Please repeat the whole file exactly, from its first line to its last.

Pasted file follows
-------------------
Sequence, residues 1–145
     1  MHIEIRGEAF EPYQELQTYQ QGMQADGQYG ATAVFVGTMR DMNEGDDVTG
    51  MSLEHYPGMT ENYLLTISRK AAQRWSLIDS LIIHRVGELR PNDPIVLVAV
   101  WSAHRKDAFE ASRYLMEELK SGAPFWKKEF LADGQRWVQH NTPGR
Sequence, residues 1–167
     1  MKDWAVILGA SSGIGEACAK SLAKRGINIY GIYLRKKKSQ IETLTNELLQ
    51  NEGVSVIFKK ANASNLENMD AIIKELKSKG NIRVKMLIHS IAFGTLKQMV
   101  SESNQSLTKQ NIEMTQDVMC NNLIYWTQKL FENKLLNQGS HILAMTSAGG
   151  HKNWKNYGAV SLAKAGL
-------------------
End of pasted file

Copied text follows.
Sequence, residues 1–145
     1  MHIEIRGEAF EPYQELQTYQ QGMQADGQYG ATAVFVGTMR DMNEGDDVTG
    51  MSLEHYPGMT ENYLLTISRK AAQRWSLIDS LIIHRVGELR PNDPIVLVAV
   101  WSAHRKDAFE ASRYLMEELK SGAPFWKKEF LADGQRWVQH NTPGR
Sequence, residues 1–167
     1  MKDWAVILGA SSGIGEACAK SLAKRGINIY GIYLRKKKSQ IETLTNELLQ
    51  NEGVSVIFKK ANASNLENMD AIIKELKSKG NIRVKMLIHS IAFGTLKQMV
   101  SESNQSLTKQ NIEMTQDVMC NNLIYWTQKL FENKLLNQGS HILAMTSAGG
   151  HKNWKNYGAV SLAKAGL